So, no, I have a daughter, and I'm so looking forward to skate keys and homework and driving her to soccer and being back in New Jersey, and just being home; and now House, financially, has given me the position to do that.
Is there anyone in particular you'd love to see guest star on your show?
RSL: Well, I want Julie Christie to do the show, but that's mostly because I think we should get married. There have been guests on the show that I've never met. James Earl Jones would be one of them, unfortunately. My character rarely interacts with the guests, so I'm probably the last guy to ask that question of.
Are we going to see Wilson finally move forward? He's coped with Amber's death, but he hasn't really gotten out there, and he's living with House.
RSL: Well, I don't know. You know, when you say, 'move forward', does that mean a wife and a house or a child? For some people that is forward, but I don't think it is for everybody. I don't know if Wilson is cut out for that. I just don't see Wilson as the fuzzy dad in a suburban household. I just don't. For him, I think moving forward is getting a bagel and going to work, so for him I'm not sure what moving forward would really mean.
There are a lot of Huddy fans out there, but what do you think about a possible Wilson and Cuddy hookup?
RSL: I think that wouldn't work. The problem with all of this speculation to me is, who is Wilson? People seem to know who Cuddy is, and people seem to know who House is, but I get very different descriptions of who Wilson is from people. I think people project on him a lot. I think they, I don't know, maybe this episode next week will help a little bit, but I think Wilson is a very weird guy. I think he's dark. I think he's very lonely. Hugh and I have a joke of one day that I'll be sick in the hospital dying of something, and basically I send him on a mission to get all the porn out of my house that's been hidden in the basement, and he comes back with like boxes and boxes of porn, and I look up and say, "Where's the rest? Where's the German stuff?" That's my joke with Wilson. I think he's a dark guy.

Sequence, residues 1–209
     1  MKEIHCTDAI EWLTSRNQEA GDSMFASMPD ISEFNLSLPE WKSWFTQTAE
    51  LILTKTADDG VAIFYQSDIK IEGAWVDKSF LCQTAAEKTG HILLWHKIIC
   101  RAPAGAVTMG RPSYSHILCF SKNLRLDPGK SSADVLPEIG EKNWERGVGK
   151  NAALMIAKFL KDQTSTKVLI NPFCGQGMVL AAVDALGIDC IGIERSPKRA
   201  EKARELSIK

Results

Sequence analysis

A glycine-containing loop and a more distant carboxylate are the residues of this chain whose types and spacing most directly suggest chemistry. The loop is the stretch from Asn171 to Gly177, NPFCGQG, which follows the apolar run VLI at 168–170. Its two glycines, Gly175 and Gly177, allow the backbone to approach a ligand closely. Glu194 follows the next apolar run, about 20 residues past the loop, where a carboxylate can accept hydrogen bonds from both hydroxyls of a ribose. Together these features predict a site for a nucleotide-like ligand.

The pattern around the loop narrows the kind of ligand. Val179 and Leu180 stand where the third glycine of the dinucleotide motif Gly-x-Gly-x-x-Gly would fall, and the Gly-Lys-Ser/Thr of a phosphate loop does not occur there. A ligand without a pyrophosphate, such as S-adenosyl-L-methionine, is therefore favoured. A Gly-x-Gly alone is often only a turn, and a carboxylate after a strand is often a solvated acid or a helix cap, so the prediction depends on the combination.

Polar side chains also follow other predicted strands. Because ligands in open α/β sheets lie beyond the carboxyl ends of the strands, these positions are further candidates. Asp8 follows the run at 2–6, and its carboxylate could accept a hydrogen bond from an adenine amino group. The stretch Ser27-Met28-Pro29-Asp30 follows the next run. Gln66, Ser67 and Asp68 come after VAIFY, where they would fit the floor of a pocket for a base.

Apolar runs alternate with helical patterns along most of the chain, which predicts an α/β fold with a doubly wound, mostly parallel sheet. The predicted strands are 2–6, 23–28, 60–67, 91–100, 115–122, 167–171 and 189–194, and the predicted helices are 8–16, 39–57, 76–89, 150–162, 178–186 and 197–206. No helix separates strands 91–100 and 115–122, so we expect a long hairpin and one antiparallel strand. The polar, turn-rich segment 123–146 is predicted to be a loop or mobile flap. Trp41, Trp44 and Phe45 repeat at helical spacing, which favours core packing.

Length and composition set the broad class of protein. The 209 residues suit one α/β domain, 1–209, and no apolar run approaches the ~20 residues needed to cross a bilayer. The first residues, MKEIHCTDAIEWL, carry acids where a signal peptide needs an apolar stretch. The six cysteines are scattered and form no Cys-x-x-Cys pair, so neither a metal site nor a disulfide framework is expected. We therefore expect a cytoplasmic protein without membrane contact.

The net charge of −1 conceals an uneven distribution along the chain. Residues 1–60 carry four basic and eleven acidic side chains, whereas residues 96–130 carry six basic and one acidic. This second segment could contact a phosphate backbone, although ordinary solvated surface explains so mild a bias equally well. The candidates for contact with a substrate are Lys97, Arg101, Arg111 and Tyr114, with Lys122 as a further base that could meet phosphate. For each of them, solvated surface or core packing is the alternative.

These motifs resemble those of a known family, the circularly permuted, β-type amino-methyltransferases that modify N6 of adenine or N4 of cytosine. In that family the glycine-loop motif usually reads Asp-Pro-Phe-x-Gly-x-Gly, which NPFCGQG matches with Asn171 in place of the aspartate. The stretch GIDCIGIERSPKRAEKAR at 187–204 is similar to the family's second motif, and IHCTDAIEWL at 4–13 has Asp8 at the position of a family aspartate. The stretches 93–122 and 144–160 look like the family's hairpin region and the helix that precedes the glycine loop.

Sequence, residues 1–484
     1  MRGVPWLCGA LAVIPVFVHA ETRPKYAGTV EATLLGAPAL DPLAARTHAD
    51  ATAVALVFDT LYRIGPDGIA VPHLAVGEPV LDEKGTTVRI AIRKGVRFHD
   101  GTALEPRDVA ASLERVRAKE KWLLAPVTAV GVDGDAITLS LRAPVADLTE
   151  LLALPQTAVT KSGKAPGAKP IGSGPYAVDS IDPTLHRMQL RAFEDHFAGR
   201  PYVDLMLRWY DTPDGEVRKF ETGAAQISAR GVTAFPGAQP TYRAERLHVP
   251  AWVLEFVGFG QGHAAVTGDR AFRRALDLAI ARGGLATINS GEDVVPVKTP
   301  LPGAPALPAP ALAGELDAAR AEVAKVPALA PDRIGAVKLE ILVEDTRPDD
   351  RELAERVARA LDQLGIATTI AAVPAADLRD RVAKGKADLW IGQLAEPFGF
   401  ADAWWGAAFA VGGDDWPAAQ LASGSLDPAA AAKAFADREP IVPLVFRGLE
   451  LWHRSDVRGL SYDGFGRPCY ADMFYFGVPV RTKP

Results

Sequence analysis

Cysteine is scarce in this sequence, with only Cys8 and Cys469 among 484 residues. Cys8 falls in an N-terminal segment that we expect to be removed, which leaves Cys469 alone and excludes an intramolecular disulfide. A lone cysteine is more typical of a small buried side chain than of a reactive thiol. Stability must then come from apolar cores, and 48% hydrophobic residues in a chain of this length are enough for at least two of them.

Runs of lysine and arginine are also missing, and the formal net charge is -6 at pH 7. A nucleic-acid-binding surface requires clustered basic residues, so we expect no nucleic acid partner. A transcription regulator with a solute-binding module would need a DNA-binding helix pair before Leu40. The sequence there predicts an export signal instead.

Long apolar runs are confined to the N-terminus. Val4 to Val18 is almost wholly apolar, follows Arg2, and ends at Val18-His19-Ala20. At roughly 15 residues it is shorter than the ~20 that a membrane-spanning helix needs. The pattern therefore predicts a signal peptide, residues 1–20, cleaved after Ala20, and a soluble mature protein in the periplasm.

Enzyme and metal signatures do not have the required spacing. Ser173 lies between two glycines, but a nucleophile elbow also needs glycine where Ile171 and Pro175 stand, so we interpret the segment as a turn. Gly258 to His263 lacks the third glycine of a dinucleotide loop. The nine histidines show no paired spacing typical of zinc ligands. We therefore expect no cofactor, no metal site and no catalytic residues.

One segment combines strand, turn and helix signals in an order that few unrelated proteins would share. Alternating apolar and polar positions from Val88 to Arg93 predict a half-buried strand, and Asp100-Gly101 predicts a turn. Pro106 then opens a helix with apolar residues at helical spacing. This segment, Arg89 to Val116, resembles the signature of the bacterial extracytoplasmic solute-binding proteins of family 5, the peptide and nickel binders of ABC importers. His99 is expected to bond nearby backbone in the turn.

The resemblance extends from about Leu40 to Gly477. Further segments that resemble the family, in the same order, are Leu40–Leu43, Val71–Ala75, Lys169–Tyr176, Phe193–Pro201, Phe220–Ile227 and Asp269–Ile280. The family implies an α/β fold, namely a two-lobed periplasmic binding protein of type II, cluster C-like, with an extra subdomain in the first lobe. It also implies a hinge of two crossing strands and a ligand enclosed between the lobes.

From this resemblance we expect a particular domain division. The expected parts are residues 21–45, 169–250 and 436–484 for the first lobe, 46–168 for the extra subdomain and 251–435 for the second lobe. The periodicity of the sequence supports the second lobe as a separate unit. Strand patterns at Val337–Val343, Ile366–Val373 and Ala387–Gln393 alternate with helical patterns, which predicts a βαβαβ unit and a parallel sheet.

So, in my mind, when I think about him with Cuddy, it doesn't work; but I think in general people have a view of him that he's kind of warm and fuzzy, and he'd be kind of an easy guy for Cuddy to boss around, and that might actually be the relationship. I don't think Wilson would stand it very long. I think he's a strange man.
Wilson airs tonight at 8/7C on Fox. Discuss this episode in our forums, and check back tomorrow for the recaplet!